When boys play with dolls
Is there such a thing as ‘toys for boys’?
Snips and snails, and puppy dogs tails? Sugar and spice and all things nice? In the 21st century, most of us feel that there’s more to gender than a 19th-century nursery rhyme would have us believe…
Many of today’s parents are increasingly aware of not enforcing gender stereotypes on their children when it comes to their playthings. Nevertheless, research shows that toy marketers are still segmenting children into gender-stereotyped categories. A recent study looked at toy catalogues and found that:
- Boys were four times as likely to be shown playing with cars.
- Girls were twice as likely to be shown with ‘domestic’ play items.
- Colour-coding of toys (pink or blue) is used to suggest which toys are for boys, and which are for girls.
These marketing messages can have an impact on young minds, perhaps to their detriment.
Children become aware of their gender as early as two years old. As they grow up, they notice the social cues – influences from popular culture and those around them – that lead them to play according to their gender grouping.
Although there’s nothing wrong with your princess loving pink, playing with a variety of toys teaches children different lessons or life skills. Eliminating particular toys based on gender stereotypes means that your child could be missing out.
What kids learn from playing with different types of toys
As children play with their toys, they build up different skill sets. For example, traditionally masculine toys (like building blocks) encourage spatial and visual skills, while traditionally feminine toys (like dolls) encourage social skills and communication.
Learning as much as they can through play at an early age enhances children’s development and widens their options as they approach adulthood. By being limited to gender-specific toys, children could unknowingly and unfairly be ruling out certain academic, professional and recreational horizons for themselves.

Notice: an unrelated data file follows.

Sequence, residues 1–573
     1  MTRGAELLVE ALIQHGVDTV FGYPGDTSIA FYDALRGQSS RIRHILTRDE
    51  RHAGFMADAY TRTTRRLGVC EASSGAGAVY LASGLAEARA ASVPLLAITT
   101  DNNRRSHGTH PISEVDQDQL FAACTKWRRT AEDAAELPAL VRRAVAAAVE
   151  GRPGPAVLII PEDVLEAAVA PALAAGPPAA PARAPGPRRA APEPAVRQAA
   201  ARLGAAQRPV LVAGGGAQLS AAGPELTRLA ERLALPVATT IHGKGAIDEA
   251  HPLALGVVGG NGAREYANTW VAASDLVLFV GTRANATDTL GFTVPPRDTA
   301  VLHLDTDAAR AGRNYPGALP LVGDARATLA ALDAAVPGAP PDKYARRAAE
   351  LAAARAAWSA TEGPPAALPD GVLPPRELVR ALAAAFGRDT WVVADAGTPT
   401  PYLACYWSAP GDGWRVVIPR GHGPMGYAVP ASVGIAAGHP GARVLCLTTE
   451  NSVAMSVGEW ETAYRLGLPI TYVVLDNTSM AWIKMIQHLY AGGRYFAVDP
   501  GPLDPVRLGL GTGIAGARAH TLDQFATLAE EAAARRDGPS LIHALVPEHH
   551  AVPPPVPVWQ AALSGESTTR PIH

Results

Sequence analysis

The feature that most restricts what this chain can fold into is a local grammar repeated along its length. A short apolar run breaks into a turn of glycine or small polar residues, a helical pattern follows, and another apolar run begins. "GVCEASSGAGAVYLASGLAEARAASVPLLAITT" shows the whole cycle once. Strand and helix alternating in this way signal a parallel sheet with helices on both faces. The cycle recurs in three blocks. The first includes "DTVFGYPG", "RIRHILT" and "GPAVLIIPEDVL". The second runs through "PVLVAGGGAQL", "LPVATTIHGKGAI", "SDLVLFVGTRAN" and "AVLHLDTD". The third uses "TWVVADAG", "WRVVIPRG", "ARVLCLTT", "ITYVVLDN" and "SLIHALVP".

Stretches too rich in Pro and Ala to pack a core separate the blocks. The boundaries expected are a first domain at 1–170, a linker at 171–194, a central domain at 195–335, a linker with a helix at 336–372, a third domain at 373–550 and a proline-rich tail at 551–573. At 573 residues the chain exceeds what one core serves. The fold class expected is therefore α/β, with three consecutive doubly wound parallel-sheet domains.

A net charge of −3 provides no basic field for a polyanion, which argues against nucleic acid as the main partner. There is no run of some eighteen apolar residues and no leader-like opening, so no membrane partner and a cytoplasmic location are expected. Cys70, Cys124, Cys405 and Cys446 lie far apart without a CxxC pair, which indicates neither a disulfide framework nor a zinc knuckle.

What parents can do
- Avoid assigning gender stereotypes to certain toys.
- When your children are old enough to understand, talk to them about what they see in the media and perceive in society about gender roles and play.
- There’s no need to eradicate all stereotypical play. Rather, encourage your children to explore playing with a variety of toys, like building blocks, fantasy play, sports and crafts.
- Encourage mixed gender play by getting girls and boys to play with one another and share toys. They’ll see that they’re not always so different after all!
At Truly Toys, we help you to be an even better parent or teacher by providing learning resources for dynamic play that encourage children’s development.
- Breaking Gender Stereotypes in the Toy Box – The New York Times (https://www.nytimes.com/2018/02/05/well/family/gender-stereotypes-children-toys.html)
- Can gender-specific toys affect a child’s development? Researchers weigh in – CBC Radio (https://www.cbc.ca/radio/thecurrent/the-current-for-december-18-2017-1.4451239/can-gender-specific-toys-affect-a-child-s-development-researchers-weigh-in-1.4451295)